As the restaurant filled up over the course of a Sunday evening, our server got scarcer and scarcer. It was hard, in fact, even to tell which of the overworked staff people was supposed to be our server. But, to a one, they remained unflappable and friendly, even as the dishes piled up and the line lengthened and a stack of napkins were inevitably called for.

So, take the kids? Heck, yeah, take the kids. Take somebody else’s kids. Take all the kids you can get your hands on. Wok in the Park is a great place to move beyond rice.

Sarah McGee / Heavy Table

Sarah McGee / Heavy Table

Wok in the Park

3005 Utah Ave S
St. Louis Park, MN 55426
952.657.5754
CHEF / OWNERS: Jacob Johnson / Hannah Johnson, Charis Fishbein, Grace Johnson
HOURS:
Mon-Thu 11am-9pm
Fri-Sat 11am-10pm
Sun 4pm-9pm
BAR: Beer and Wine
RESERVATIONS / RECOMMENDED: Yes / Yes, on busy nights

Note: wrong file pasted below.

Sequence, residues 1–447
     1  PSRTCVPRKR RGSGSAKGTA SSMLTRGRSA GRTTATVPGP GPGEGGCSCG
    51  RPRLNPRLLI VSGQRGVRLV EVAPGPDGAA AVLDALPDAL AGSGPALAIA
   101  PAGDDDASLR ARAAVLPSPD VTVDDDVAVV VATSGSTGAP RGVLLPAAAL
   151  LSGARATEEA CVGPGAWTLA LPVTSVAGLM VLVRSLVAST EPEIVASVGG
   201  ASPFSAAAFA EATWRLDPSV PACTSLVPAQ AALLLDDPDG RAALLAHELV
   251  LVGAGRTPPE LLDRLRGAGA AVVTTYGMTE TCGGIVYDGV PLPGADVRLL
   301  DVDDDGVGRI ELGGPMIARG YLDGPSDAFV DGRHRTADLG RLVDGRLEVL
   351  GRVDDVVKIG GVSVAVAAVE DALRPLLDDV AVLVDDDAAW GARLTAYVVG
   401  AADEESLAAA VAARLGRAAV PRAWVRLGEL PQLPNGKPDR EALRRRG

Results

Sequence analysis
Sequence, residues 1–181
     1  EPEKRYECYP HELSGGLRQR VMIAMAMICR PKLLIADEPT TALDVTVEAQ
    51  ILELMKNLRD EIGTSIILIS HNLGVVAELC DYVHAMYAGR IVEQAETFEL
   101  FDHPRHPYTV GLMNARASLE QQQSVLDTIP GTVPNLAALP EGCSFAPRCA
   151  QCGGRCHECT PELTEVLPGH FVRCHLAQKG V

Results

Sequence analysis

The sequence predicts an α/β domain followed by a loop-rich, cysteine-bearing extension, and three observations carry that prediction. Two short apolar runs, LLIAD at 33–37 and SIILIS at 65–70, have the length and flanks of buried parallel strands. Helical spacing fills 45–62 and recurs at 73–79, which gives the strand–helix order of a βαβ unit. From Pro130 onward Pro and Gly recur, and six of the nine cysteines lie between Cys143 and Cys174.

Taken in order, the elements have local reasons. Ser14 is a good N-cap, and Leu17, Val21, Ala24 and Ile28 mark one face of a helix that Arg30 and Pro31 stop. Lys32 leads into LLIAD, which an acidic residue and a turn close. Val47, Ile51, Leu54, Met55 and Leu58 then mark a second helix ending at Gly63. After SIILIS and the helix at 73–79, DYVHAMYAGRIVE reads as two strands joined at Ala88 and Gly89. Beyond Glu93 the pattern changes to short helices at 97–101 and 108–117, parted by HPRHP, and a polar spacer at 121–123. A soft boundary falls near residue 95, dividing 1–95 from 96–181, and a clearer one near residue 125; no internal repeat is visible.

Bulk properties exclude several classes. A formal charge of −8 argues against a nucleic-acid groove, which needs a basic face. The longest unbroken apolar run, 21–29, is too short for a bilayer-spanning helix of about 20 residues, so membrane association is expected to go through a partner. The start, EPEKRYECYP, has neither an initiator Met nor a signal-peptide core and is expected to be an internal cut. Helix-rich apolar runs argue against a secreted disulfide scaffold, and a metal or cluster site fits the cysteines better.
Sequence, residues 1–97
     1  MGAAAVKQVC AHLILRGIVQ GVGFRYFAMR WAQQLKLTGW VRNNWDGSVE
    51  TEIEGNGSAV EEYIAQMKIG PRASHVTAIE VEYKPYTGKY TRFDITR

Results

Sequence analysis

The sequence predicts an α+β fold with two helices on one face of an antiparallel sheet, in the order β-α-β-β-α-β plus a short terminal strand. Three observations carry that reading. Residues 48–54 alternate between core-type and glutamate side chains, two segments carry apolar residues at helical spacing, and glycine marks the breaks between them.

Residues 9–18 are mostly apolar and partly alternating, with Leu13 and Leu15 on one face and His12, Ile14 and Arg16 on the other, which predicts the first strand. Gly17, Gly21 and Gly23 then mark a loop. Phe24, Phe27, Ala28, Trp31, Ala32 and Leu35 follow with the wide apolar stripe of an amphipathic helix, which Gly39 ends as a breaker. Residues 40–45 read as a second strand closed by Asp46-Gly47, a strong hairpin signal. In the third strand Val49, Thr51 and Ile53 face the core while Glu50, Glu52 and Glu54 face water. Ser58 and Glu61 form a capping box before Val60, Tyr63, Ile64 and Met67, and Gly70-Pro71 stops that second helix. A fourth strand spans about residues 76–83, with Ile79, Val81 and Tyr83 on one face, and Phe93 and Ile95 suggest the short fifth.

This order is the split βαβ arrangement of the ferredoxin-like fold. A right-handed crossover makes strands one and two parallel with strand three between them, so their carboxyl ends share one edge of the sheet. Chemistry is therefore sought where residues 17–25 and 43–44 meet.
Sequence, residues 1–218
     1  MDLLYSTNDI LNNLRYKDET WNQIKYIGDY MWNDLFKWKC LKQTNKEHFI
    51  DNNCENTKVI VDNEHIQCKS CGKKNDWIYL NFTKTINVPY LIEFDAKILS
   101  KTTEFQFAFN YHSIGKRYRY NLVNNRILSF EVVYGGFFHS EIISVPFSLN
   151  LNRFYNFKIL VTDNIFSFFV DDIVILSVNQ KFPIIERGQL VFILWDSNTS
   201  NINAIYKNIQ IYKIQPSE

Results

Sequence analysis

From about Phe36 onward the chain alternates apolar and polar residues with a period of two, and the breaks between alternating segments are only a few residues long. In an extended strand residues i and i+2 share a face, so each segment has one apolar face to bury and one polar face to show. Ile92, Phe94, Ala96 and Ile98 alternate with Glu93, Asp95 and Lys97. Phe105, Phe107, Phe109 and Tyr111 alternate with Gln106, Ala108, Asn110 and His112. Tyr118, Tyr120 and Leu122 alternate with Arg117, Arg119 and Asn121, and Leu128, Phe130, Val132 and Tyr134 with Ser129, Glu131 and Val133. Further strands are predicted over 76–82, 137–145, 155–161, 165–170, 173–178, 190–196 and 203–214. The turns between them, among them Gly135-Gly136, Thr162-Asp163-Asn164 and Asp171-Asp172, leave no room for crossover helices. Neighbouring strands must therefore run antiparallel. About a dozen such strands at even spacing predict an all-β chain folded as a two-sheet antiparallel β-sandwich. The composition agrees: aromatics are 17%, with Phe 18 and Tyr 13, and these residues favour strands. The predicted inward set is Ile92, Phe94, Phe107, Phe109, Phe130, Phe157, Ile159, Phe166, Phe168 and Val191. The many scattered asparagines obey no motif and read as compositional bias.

VEGETARIAN / VEGAN: Yes / Yes
ENTREE RANGE: $7-19

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About the Author

Tricia Cornell

Tricia has been called the mother of “world-class veggie eaters” in the Star Tribune (that is patently untrue) and an “industrious home cook” in the New York Times (true, but was it a compliment?). She loves Brussels sprouts, hates squash, and would choose salty and sour flavors over sweet just about any day. She is the author of Eat More Vegetables, published by the Minnesota Historical Society Press in 2012, and The Minnesota Farmers Market Cookbook, published by Voyageur Press in 2014.

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One Comment

  1. I enjoy this restaurant a lot more than the reviewer. I have dinner there regularly and have always found the service friendly and responsive. I’ve had a few of their dishes, but usually usually opt for one of the noodle dishes like the spicy Pad Thai or Signapore noodles. They offer a beer menu created by their old neighbor Four Firkens that matches the food very well. It has a comfortable neighborhood feels, so I agree with the reviewer that it would be a good place to bring kids, but also makes a good casual date or work lunch spot.